Herschel/HIFI observations of red supergiants and yellow hypergiants I. Molecular inventory
Artikel i vetenskaplig tidskrift, 2012

Context. Red supergiant stars (RSGs) and yellow hypergiant stars (YHGs) are believed to be the high-mass counterparts of stars in the asymptotic giant branch (AGB) and early post-AGB phases. As such, they are scarcer and the properties and evolution of their envelopes are still poorly understood. Aims. We study the mass-loss in the post main-sequence evolution of massive stars, through the properties of their envelopes in the intermediate and warm gas layers. These are the regions where the acceleration of the gas takes place and the most recent mass-loss episodes can be seen. Methods. We used the HIFI instrument on-board the Herschel Space Observatory to observe sub-millimetre and far-infrared (FIR) transitions of CO, water, and their isotopologues in a sample of two RSGs (NML Cyg and Betelgeuse) and two YHGs (IRC + 10420 and AFGL 2343) stars. We present an inventory of the detected lines and analyse the information revealed by their spectral profiles. A comparison of the line intensity and shape in various transitions is used to qualitatively derive a picture of the envelope physical structure. On the basis of the results presented in an earlier study, we model the CO and (CO)-C-13 emission in IRC + 10420 and compare it to a set of lines ranging from the millimetre to the FIR. Results. Red supergiants have stronger high-excitation lines than the YHGs, indicating that they harbour dense and hot inner shells contributing to these transitions. Consequently, these high-J lines in RSGs originate from acceleration layers that have not yet reached the circumstellar terminal velocity and have narrower profiles than their flat-topped lower-J counterparts. The YHGs tend to lack this inner component, in line with the picture of detached, hollow envelopes derived from studies at longer wavelengths. NH3 is only detected in two sources (NML Cyg and IRC + 10420), which are also observed to be the strongest water-line emitters of the studied sample. In contrast, OH is detected in all sources and does not seem to correlate with the water line intensities. We show that the IRC + 10420 model derived solely from millimetre low-J CO transitions is capable of reproducing the high-J transitions when the temperature in the inner shell is simply lowered by about 30%.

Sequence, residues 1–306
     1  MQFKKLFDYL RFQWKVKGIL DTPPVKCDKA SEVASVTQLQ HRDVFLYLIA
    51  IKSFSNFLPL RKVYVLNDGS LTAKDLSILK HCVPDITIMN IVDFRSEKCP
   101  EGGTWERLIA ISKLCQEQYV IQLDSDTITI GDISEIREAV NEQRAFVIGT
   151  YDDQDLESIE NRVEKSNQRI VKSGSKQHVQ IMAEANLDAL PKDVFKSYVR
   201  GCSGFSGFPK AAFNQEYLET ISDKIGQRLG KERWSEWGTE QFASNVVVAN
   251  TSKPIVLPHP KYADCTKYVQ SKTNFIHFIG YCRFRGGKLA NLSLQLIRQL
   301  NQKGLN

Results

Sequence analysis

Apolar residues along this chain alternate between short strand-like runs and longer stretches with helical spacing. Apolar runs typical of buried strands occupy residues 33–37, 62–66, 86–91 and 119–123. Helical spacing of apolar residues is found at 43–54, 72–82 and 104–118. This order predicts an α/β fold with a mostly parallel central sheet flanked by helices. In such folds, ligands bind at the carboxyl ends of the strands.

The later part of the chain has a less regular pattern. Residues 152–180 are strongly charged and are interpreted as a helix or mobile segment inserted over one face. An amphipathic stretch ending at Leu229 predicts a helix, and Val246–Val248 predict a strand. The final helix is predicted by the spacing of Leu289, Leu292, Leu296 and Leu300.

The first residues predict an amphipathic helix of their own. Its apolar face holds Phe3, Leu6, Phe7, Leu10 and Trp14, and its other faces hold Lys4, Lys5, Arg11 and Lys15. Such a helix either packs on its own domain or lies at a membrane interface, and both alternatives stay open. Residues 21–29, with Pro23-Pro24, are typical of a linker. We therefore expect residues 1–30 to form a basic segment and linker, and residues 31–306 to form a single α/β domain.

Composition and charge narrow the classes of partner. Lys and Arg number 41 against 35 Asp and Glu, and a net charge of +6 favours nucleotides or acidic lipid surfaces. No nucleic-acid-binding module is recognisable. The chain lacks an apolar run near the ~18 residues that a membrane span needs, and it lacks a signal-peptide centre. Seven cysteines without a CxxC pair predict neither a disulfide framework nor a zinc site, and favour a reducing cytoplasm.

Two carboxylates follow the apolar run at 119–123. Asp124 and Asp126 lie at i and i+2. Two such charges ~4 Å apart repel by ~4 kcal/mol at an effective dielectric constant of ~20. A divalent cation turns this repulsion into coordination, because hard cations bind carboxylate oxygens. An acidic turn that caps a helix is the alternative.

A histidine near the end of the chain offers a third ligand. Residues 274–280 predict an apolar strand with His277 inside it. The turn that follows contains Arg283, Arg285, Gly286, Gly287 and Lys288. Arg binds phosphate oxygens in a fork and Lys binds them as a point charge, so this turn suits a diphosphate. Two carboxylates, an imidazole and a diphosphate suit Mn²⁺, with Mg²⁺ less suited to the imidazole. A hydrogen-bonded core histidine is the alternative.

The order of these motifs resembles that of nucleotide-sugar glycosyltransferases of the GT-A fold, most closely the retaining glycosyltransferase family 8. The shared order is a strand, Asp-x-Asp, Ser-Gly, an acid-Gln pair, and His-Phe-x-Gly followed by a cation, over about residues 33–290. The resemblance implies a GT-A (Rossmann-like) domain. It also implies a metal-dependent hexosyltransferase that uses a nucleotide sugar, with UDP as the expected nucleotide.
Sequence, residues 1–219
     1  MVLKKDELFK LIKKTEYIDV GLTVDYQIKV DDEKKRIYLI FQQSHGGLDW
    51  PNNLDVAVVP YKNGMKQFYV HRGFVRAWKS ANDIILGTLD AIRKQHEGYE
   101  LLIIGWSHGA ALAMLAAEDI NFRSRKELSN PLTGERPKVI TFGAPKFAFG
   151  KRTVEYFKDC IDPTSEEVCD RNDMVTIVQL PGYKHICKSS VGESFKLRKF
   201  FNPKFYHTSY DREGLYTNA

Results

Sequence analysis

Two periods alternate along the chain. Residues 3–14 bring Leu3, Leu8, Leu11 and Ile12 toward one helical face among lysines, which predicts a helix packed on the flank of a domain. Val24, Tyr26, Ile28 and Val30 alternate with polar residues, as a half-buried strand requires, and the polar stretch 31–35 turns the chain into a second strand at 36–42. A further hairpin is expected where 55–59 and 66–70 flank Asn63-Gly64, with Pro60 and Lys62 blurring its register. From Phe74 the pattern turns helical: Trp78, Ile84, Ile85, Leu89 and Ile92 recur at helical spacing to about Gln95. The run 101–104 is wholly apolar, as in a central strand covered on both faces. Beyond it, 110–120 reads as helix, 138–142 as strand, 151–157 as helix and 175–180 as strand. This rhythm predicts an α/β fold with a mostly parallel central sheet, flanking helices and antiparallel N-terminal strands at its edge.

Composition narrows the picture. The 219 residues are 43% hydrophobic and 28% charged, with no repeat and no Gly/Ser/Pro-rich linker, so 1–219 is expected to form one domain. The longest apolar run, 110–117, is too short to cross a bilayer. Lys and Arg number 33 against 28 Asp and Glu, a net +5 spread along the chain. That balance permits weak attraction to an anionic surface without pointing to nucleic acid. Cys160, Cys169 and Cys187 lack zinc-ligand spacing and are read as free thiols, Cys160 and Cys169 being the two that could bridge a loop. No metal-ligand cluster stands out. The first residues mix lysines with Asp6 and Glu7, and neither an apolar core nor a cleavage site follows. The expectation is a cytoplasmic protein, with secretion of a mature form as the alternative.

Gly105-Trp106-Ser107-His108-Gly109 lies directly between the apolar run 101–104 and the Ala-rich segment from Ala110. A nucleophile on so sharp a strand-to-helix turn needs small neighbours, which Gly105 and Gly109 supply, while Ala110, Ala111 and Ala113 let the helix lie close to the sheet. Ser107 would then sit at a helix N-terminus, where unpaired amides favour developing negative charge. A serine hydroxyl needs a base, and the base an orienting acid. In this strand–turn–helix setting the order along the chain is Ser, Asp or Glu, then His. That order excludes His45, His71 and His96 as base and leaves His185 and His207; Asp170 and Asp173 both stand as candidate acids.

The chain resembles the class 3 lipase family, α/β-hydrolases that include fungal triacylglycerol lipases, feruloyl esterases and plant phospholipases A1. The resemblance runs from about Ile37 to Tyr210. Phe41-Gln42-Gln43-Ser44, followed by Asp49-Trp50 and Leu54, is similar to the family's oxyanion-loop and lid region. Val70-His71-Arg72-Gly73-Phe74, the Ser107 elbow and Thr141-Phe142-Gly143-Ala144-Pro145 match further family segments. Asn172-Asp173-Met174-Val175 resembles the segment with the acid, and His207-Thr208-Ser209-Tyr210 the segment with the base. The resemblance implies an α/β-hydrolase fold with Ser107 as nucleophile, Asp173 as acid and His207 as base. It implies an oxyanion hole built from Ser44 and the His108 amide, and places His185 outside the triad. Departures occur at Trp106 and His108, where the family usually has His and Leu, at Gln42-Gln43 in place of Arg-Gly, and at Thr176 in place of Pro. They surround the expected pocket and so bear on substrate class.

alpha-orionis

stars

circumstellar envelopes

nebulae

AGB and post-AGB

submillimeter

afgl-2343

giant branch stars

rotational line-profiles

protoplanetary

emission

supergiants

evolved

circumstellar matter

mass-loss history

nml-cygni

Författare

D. Teyssier

European Space Astronomy Centre

G. Quintana-Lacaci

CSIC-INTA - Centro de Astrobiologia (CAB)

Instituto de Radioastronomia Milimetrica

A. P. Marston

European Space Astronomy Centre

V. Bujarrabal

Observatorio Astronomico Nacional

J. Alcolea

Observatorio Astronomico Nacional

J. Cernicharo

CSIC-INTA - Centro de Astrobiologia (CAB)

L. Decin

Universiteit Van Amsterdam

KU Leuven

C. Dominik

Universiteit Van Amsterdam

Radboud Universiteit

Kay Justtanont

Chalmers, Rymd- och geovetenskap, Onsala rymdobservatorium

A. de Koter

Sterrekundig Instituut Utrecht

Universiteit Van Amsterdam

G. J. Melnick

Harvard-Smithsonian Center for Astrophysics

K. M. Menten

Max Planck-institutet

D. A. Neufeld

Johns Hopkins University

Hans Olofsson

Chalmers, Rymd- och geovetenskap, Onsala rymdobservatorium

P. Planesas

Observatorio Astronomico Nacional

M. Schmidt

Nicolaus Copernicus Astronomical Center of the Polish Academy of Sciences

R. Soria-Ruiz

Observatorio Astronomico Nacional

Fredrik Schöier

Chalmers, Rymd- och geovetenskap, Onsala rymdobservatorium

R. Szczerba

Nicolaus Copernicus Astronomical Center of the Polish Academy of Sciences

Lbfm Waters

Universiteit Van Amsterdam

SRON Netherlands Institute for Space Research

Astronomy and Astrophysics

0004-6361 (ISSN) 1432-0746 (eISSN)

Vol. 545 A99 (article no.)- A99

Ämneskategorier

Astronomi, astrofysik och kosmologi

DOI

10.1051/0004-6361/201219545